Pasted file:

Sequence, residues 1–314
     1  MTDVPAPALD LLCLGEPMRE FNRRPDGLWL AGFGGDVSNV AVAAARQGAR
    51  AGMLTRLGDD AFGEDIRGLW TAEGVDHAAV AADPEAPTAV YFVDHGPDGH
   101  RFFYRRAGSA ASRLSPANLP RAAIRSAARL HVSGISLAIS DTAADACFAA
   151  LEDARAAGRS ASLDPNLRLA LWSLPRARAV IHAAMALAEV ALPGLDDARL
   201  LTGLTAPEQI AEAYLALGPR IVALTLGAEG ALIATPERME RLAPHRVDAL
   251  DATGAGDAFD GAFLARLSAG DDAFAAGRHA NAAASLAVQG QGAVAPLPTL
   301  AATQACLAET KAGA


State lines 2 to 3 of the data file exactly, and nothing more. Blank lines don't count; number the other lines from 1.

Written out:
     1  MTDVPAPALD LLCLGEPMRE FNRRPDGLWL AGFGGDVSNV AVAAARQGAR
    51  AGMLTRLGDD AFGEDIRGLW TAEGVDHAAV AADPEAPTAV YFVDHGPDGH